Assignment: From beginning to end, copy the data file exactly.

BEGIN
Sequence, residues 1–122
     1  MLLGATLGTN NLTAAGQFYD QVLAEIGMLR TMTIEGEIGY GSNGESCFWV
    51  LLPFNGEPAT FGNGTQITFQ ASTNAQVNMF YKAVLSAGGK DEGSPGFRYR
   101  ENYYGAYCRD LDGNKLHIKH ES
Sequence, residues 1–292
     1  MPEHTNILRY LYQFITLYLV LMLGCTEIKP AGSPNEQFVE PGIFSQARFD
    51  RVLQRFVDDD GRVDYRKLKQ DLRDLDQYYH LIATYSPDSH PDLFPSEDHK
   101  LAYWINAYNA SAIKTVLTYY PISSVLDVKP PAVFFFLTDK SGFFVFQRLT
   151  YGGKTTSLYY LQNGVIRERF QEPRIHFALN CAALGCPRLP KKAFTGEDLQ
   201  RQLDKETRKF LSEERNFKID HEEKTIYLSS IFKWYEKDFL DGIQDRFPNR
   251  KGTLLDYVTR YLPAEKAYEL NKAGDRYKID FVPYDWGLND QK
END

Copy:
Sequence, residues 1–122
     1  MLLGATLGTN NLTAAGQFYD QVLAEIGMLR TMTIEGEIGY GSNGESCFWV
    51  LLPFNGEPAT FGNGTQITFQ ASTNAQVNMF YKAVLSAGGK DEGSPGFRYR
   101  ENYYGAYCRD LDGNKLHIKH ES
Sequence, residues 1–292
     1  MPEHTNILRY LYQFITLYLV LMLGCTEIKP AGSPNEQFVE PGIFSQARFD
    51  RVLQRFVDDD GRVDYRKLKQ DLRDLDQYYH LIATYSPDSH PDLFPSEDHK
   101  LAYWINAYNA SAIKTVLTYY PISSVLDVKP PAVFFFLTDK SGFFVFQRLT
   151  YGGKTTSLYY LQNGVIRERF QEPRIHFALN CAALGCPRLP KKAFTGEDLQ
   201  RQLDKETRKF LSEERNFKID HEEKTIYLSS IFKWYEKDFL DGIQDRFPNR
   251  KGTLLDYVTR YLPAEKAYEL NKAGDRYKID FVPYDWGLND QK